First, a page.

Why Do We Fear Nuclear Power?   2 comments

The US nuclear power industry currently generates about 20% of the nation’s electricity, but it faces an uncertain long-term future. No nuclear plants have been ordered since 1978 and more than 100 reactors have been canceled, including all ordered after 1973. No units are currently under construction. The Tennessee Valley Authority’s Watts Bar 1 reactors, ordered in 1970, were licensed to operate in 1996 and are the most recent US nuclear unit to be completed. High plant construction costs, public hysteria about nuclear safety and waste disposal, extremely complicated regulatory compliance procedures, and environmental lawsuits are just some of the challenges that face the American nuclear industry.

Construction costs of reactors completed since the mid-1980s range from $2-6 BILLION, averaging $3,000 per kilowatt of electricity-generating capacity. Plants have mostly been custom-built. The industry predicts new plants could be built for half that if identical plants were built in series, but they haven’t been. A 1,000-mega-watt reactor operating at 90% capacity could generate 7.9 billion kilowatts in a year. That’s enough to supply electricity for 690,000 households. Generating that much electricity with oil would take 13.7 million barrels; coal 3.4 million short tons; natural gas 65.8 billion cubic feet.

There are 104 licensed reactors at 65 plant sites in 31 states. Electricity production from US nuclear plants is greater than that from oil, natural gas, and hydroelectric, and behind only coals, which accounts for more than half of the US electricity generation. Nuclear plants generate more than half the electricity in six states, without emitting carbon dioxide, sulfur dioxide or nitrogen oxides. Like coal, oil and natural gas plants, nuclear plants produce electricity by boiling water into steam, which turns turbines to produce electricity. Nuclear plants use uranium fuel pellets contained in rods cooled by water.

The industry’s safety performance has been extraordinarily good, resulting from high standards of reactor operations, robust plant designs, government oversight, and extensive workforce training. Radiation is easily detected and managed. American electric companies take extensive measures to prevent release of radiation from nuclear energy facilities. The US nuclear energy industry is applying the lessons learned from Fukushima to enhance safety and emergency preparedness at American’s reactors. Nuclear plant design and construction ensure the plants can withstand powerful earthquakes and other extreme natural events like tsunamis, hurricanes, tornadoes, fires and floods. Sensitive monitoring instruments at each nuclear facility detect earthquakes, so operators can shut down a plant if ground motion exceeds a specific level, well below the maximum the facility is designed to withstand. Following such a shutdown, owners must perform extensive inspections to evaluation the impact of the earthquake and the condition of safety systems and equipment. NRC approval is required by operators can restart the reactor. When a rare 5.8-magnitude earthquake on the East Coast in 2011 shut down the North Anna reactor in Virginia, the NRC took 80 days to restart the plant and after 110,hours of inspections and analysis concluded that “safety system functions were maintained” and “reviews of the plant equipment, systems and structures did not reveal significant damage.”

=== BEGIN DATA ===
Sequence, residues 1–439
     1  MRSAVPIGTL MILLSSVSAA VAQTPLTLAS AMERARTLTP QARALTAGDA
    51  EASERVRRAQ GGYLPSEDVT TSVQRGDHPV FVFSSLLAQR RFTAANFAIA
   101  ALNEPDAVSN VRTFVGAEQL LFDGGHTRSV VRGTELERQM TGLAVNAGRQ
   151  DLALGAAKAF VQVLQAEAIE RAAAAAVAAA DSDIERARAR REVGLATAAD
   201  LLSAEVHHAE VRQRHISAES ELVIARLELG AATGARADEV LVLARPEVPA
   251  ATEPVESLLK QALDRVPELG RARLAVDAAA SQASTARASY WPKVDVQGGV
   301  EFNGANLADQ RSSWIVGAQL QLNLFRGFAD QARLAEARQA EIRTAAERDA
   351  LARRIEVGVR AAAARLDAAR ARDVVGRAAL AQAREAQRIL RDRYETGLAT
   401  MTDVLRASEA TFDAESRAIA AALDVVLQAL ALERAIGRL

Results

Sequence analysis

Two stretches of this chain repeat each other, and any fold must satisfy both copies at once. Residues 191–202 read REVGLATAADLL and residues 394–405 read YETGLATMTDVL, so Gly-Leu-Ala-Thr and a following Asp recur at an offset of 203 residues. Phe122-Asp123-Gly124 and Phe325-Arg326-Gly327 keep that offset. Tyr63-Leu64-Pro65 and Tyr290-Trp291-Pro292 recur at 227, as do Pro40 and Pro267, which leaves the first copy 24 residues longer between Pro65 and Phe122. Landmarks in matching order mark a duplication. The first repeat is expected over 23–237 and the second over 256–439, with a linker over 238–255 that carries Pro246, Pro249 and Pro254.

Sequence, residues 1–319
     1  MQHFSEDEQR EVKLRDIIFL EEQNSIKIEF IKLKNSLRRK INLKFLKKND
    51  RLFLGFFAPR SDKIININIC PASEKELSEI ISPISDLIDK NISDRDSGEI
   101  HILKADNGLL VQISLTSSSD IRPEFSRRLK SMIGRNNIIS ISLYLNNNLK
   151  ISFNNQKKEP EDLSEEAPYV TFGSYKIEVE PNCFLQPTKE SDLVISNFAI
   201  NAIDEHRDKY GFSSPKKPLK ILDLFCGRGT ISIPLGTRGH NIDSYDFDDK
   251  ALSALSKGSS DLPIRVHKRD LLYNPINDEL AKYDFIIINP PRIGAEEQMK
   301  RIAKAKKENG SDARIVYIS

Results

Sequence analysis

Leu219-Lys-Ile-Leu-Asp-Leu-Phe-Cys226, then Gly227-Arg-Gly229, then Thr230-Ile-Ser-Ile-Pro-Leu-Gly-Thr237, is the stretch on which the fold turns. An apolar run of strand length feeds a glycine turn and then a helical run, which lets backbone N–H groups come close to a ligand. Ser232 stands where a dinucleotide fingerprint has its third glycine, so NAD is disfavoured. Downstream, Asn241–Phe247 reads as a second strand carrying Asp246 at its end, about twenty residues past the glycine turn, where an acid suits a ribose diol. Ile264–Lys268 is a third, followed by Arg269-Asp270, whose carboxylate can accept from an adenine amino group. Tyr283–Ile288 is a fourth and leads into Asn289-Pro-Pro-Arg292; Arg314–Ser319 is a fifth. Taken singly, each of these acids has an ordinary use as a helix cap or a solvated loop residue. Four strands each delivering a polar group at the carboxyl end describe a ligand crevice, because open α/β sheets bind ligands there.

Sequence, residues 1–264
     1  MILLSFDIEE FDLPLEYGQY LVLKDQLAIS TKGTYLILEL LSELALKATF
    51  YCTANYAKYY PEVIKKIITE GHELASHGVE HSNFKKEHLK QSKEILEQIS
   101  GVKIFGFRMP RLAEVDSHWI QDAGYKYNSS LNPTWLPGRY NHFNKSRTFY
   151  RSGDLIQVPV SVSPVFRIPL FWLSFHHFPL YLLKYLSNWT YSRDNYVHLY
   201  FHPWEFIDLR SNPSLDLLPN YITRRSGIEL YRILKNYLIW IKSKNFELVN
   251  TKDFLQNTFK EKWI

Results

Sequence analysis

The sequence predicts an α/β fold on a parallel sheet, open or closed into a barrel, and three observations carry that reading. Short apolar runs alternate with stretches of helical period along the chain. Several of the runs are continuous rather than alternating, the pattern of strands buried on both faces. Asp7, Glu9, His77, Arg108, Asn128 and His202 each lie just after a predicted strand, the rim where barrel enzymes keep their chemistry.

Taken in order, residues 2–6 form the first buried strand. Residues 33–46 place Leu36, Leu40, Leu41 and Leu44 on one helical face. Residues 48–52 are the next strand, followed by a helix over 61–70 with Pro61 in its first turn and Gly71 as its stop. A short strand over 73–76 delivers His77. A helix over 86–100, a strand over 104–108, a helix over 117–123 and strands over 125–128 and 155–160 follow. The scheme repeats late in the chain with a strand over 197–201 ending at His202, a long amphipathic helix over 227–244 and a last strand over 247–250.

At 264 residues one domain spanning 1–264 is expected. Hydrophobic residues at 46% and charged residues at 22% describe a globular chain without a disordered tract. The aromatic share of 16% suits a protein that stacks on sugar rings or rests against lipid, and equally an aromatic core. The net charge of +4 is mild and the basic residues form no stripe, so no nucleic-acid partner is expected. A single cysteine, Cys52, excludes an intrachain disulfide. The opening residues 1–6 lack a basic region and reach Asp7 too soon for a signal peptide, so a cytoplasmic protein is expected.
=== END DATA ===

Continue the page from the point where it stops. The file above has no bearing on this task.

It is important to recognize that the Tohotu earthquake and tsunami killed an estimated 20,000 people. The human tragedy of that should not be downplayed. However, contrary to popular hysteria, radiation from Fukushima has not resulted in any fatalities. Not even repair workers have died from radiation exposure, though some involved in the plant clean up did die from other conditions. Members of the Health Physics Society, drawn from academia and medicine, studied the event extensively and said the radiation doses from Fukushima were too small to have a significant health effect. In early 2013, the World Health Organization concluded that there were no observable increases in cancer rates in the general population. Of course, it’s early days yet, so let’s look at other disasters.

Three Mile Island had a similar outcome. Twenty years after the accident, there were no deaths or increased cancer risks associated with radiation in the surrounding area or among plant personnel.

Chernobyl, which stupidly lacked a containment dome, had fatalities, but the long-term health effects of those living in the nearby region have proven minimal.

So, what are we afraid of? That is NOT a rhetorical question. What are you afraid of when it comes to nuclear energy?

2 responses to “Why Do We Fear Nuclear Power?

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  1. Reblogged this on YouViewed/Editorial.


  2. Reblogged this on aurorawatcherak and commented:

    I am tired after launching Life As We Knew It, so am a little disorganized this week. For that reason, here is a quality reblog. I am actually still asking the question – What do we fear nuclear energy?


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